The Cure of Souls by Phil Rickman is the fourth book in his 'Merrily Watkins' series of books set in Herefordshire, an English county on the border with Wales. Merrily is a vicar who deals with paranormal activity, to give her her correct title, the Diocesan Deliverance Consultant.
The village of Knight's Frome is the setting for this instalment of the series. Merrily's close friend, Lol Robinson, is currently living there on a sort of musical sabatical with a famous record producer, 'Prof' Levin. He can see that Lol, who walked away from the music industry for reasons which become clear later in the book, should still be writing and producing music. Prof has a neighbour he can't stand, Gerard Stock, who lives nearby, with his wife, in a converted hop kiln. Stock is convinced the kiln is haunted and that the spirit is malevolent. Merrily is asked to look into this because the local vicar, also a friend of Prof's, will not touch it.
Merrily of course has other problems. She sees her daughter, Jane, off on a holiday to Wales: she's staying with her boyfriend's family. Jane has a secret... she was unwillingly involved in a ouija board session in a hut in the grounds of her school. She thinks it's over and done with but unfortunately it's not. The parents of one of the girls also involved report that they believe their daughter is possessed by an evil spirit.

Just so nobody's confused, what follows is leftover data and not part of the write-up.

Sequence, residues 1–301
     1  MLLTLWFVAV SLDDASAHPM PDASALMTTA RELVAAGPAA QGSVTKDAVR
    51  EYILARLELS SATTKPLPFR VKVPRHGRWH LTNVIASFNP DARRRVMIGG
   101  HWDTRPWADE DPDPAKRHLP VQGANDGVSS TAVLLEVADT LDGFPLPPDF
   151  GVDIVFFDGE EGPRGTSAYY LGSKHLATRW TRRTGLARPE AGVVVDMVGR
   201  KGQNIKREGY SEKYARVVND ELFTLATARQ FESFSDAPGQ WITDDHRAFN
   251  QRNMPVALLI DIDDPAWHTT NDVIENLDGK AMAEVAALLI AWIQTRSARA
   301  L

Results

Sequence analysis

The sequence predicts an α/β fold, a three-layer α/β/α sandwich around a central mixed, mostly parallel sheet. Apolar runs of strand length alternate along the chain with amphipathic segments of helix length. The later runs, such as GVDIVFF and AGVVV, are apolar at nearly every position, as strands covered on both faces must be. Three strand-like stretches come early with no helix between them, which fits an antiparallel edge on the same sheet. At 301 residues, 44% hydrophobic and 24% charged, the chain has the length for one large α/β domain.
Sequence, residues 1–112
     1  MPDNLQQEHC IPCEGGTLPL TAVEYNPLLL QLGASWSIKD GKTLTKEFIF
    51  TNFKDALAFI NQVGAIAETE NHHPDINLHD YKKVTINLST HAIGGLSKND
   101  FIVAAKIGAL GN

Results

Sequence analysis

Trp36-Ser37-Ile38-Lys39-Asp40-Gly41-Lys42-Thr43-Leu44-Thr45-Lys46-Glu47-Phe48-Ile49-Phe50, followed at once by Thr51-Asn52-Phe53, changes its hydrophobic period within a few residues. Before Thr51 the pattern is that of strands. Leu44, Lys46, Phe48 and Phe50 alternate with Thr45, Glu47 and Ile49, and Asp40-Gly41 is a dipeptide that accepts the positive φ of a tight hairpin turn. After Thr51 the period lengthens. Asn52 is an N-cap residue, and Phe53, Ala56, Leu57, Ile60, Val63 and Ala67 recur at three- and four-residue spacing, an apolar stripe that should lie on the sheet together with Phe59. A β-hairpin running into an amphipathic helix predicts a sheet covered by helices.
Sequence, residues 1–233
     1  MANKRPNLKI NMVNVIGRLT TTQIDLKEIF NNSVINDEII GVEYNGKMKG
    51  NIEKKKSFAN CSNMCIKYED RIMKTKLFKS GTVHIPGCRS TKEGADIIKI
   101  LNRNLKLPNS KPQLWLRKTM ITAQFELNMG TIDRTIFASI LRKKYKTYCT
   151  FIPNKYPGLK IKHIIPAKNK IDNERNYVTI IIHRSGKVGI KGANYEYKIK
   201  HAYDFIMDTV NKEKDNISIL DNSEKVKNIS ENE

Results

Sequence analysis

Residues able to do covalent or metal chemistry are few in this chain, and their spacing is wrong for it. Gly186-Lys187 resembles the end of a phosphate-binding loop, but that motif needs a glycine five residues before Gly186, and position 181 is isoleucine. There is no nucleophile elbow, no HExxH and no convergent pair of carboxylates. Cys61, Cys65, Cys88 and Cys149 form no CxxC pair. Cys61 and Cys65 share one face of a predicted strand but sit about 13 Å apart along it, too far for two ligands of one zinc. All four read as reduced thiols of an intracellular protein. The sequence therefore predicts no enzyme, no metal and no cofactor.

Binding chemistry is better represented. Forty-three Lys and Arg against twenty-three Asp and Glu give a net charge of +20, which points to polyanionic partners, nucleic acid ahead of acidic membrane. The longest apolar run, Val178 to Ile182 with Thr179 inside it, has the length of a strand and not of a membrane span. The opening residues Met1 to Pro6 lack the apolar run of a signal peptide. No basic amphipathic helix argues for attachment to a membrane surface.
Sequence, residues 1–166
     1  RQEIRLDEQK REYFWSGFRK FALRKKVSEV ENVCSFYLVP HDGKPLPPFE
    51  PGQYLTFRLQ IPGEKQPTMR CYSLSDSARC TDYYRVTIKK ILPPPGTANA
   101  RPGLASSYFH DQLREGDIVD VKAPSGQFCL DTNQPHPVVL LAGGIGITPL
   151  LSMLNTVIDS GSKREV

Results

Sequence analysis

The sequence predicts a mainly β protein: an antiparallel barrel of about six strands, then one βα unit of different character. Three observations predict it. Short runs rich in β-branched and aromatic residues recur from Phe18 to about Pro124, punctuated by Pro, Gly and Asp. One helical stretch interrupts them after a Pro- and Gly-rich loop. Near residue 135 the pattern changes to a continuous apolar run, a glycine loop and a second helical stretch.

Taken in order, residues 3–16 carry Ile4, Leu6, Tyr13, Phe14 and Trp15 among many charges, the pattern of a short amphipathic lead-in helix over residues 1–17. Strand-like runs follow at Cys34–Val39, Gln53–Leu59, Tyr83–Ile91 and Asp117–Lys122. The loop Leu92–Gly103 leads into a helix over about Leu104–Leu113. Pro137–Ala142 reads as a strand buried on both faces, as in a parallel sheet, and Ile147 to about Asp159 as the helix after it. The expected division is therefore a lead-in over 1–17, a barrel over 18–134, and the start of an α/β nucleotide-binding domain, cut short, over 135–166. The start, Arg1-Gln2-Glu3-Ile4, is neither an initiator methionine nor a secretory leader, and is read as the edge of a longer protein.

It's a hot, humid, oppressive summer. Merrily and Lol, who have not seen each other in months, must work together to find out what secrets the village of Knight's Frome is keeping. Is there a connection with the gypsies who used to help pick the hops, some of whom still live in the area? They are a secretive race who are often paranormally sensitive, what do they know about the death of the previous owner of the kiln and the subsequent haunting? And how can Merrily convince them to trust her. In fact, how can she convince 'anyone' to trust her and take her seriously?
Well, it's been eight years since I read book three in this series. I honestly had no idea it was that long. The thing is, working my way through The Cure of Souls I can actually see why I've ignored the series for so long. Merrily is quite annoying. Indecisive, guilt ridden, she borders on incompetent at times and I lost patience quite a lot. To the point where I felt like giving up on the book. The thing is, the writing is excellent, which is why I didn't really want to give up... I did want to know what was going on in the village and who was doing what to whom. I think the instruction 'Trust no one' applies to the plot and that aspect of it did please me. And the setting in Herefordshire is delightful, it's a gorgeous, rural county, beautifully described by the author. Will I carry on with this series now? I doubt it. I don't enjoy being irritated by the main characters in a book, to the point where I want to give them a shake and tell them to get a grip. Big shame. But there you go, win some, lose some. And this is a very popular series which a lot of people love so it's undoubtedly 'me', not the books.